• Hand-in-hand with individual discretion in the voting act is the practice of “brown envelopes”, or bribes. Speculation is that the bribes could be enormously persuasive, going into six-figure rewards for the right vote.

  • The final big uncertainty comes via the three leagues - for women, youth and veterans - and the ANC’s executive structures. The large block of around 90 NEC and top-six votes, for example, could split relatively equally between the big candidates. It is this block that has kept Zuma in power through a series of votes in the National Executive Committee, and interventions in parliamentary votes. But, they could by now see that the writing is on the wall given that Zuma will cede his position as head of the party in two weeks time, and his post as head of state in 2019.

Hard to call

The ConversationThe battle lines are drawn and the result is close. Exact calculations will remain impossible; the result is likely to be known by 17 or 18 December. In the interim, all South Africans can do is rely on circumstantial evidence, including signs of confidence or panic in the ranks of the candidates. They can also try and plug the black holes.

Susan Booysen, Professor in the Wits School of Governance, University of the Witwatersrand. This article was originally published on The Conversation. Read the original article.

Is it Cameroon’s turn to be suspended from US trade pact with Africa?

- Regis Simo

Cameroon has been a member of the African Growth and Opportunity Act (AGOA) initiative since it was launched in 2000.

AGOA is a preferential trade programme which allows a set of eligible products from designated African countries into the US market.

Its main objective is to promote economic development through increased trade and investment between the US and sub-Saharan Africa. Cameroon has benefited a great deal. In 2015, it made USD$133 million in overall export trade. Cameroon’s main exports to the US include petroleum, cocoa, rubber, timber, and coffee, while its main imports from the US include machinery, vehicles and chemicals.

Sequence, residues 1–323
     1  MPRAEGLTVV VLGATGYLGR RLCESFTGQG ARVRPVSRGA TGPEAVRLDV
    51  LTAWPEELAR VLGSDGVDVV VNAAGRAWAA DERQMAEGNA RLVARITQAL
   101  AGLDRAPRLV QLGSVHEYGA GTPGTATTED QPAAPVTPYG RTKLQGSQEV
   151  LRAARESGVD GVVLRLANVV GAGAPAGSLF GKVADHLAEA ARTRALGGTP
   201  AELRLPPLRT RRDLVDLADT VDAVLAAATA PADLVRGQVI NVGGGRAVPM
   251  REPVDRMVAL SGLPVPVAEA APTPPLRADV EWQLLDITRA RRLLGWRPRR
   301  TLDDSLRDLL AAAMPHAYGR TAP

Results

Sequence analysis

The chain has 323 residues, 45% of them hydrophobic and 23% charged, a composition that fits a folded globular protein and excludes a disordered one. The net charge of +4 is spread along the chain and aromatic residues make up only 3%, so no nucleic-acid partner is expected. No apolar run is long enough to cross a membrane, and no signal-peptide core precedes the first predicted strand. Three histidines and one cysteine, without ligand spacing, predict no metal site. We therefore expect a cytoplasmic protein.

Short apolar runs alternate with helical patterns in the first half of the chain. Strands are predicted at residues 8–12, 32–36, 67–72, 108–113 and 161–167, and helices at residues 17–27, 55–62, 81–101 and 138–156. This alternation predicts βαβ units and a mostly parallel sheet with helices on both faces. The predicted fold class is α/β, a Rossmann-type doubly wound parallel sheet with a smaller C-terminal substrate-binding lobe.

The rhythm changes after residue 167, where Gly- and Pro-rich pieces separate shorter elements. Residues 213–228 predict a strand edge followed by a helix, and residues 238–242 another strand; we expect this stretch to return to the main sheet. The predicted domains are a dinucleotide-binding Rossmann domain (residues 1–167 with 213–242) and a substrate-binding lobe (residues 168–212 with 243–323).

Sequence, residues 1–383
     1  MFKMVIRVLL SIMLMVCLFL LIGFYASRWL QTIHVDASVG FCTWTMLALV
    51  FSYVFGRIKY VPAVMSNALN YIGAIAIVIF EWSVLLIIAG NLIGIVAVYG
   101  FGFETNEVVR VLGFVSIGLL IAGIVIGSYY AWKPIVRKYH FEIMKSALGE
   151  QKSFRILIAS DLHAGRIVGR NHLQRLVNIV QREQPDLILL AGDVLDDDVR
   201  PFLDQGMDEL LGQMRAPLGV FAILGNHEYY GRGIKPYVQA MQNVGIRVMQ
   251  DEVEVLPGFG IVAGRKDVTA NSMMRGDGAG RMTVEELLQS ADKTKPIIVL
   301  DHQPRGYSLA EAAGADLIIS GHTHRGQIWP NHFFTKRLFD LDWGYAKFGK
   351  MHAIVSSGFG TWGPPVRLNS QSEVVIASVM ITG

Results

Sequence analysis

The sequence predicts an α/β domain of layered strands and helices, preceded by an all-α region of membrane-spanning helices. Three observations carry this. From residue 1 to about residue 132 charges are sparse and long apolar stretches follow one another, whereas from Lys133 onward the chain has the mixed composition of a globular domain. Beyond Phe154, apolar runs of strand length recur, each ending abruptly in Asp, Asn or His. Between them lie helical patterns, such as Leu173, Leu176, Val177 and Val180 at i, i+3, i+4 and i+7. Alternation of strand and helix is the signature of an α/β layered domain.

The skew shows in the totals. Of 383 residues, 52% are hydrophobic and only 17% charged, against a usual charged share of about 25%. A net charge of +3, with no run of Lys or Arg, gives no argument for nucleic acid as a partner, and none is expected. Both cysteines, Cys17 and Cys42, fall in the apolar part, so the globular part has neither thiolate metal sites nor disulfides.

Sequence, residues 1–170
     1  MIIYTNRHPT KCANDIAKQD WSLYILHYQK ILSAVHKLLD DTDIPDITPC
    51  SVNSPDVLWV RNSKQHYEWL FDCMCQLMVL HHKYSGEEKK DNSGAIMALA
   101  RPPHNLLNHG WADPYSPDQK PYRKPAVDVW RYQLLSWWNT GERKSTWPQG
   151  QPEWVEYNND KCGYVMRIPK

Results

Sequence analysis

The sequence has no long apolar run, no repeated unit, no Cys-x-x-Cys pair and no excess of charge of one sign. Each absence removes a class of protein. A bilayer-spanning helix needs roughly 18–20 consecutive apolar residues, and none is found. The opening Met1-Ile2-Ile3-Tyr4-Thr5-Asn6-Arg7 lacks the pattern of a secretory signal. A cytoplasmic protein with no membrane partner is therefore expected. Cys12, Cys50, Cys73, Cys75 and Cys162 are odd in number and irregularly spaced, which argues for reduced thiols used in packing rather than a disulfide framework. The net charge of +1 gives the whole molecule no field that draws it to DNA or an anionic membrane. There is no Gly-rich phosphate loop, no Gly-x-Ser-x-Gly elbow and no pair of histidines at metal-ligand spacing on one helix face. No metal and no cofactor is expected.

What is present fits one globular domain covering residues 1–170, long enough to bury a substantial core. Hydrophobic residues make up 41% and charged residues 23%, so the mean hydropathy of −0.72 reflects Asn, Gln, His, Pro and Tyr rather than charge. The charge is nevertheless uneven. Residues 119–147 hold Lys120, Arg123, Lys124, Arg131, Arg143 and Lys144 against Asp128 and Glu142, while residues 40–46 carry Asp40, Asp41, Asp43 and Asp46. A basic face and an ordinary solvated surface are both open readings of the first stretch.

But AGOA is not just a trade pact. It’s also a way of promoting democracy. It comes with strict eligibility criteria which require that countries maintain the rule of law. Countries must also commit to political pluralism, the right to due process, fair trial, and equal protection under the law. They must also cooperate in international efforts to eliminate human rights violations.

The AGOA legislation empowers the American president annually to determine which countries are still eligible for its benefits. If he determines that a country is not making progress towards meeting the criteria he can decide to suspend it from the agreement.

The history of AGOA is replete with cases of ejections and re-admissions. These have often been based on human rights and democracy related issues. For instance, in 2016 former US President Barack Obama ejected Burundi from the AGOA family.

He did this on grounds that the country had failed to establish the rule of law. His reasons included the continuing crackdown on opposition members, assassinations, extra-judicial killings, arbitrary arrests and torture.

South Sudan and The Gambia have also had their memberships terminated. The Democratic Republic of Congo and Swaziland too. Mali, Guinea Bissau and Cote d’Ivoire were ejected and re-admitted after making efforts to strengthen the rule of law.

So far Cameroon has had a stellar record. But given recent developments questions are being asked about whether or not it should still benefit from the scheme.

Troubles in Cameroon

Over the past year Cameroon has been engulfed in a crisis that has pitted the Anglophone part of the country against the central government whose policies are decried to favour its Francophone regions. The Anglophone regions to the west are former British mandated territories, while the Francophone regions in the east are former French mandated territories.

The unrest began in October 2016 with a protest against the overwhelming use of French in a country where French and English have equal status under the constitution.

What began as a disagreement over the use of language in courts and in the design of school curricula has slowly became a political battle for Anglophone secession. The calls for secession have been met with brutal repression by state security forces. Whenever the state and the secessionists have clashed state agents have used excessive force.

Multiple human rights abuses have been committed against unarmed civilian populations including killings, mass arrests and detention. Some pro-Anglophone Cameroonians have sought refuge in neighbouring Nigeria while others have been arrested and detained pending prosecution.

In January, the government shut down the internet in some Anglophone regions. The shutdown, which lasted for more than three months, was condemned as a violation of international human rights.

Because of this crisis one could rightly question whether Cameroon is still eligible for the AGOA trade benefits. Cameroon is not alone. Mauritania also faces ejection from the trade agreement for human rights abuses. The issue of modern-day slavery in Mauritania, which was once expelled before being re-admitted, has raised questionsabout its continued AGOA membership.

Eligibility in question

In October US Trade Representative’s Joseph Lighthizer announced new efforts to ensure that all countries receiving US trade benefits met the eligibility criteria.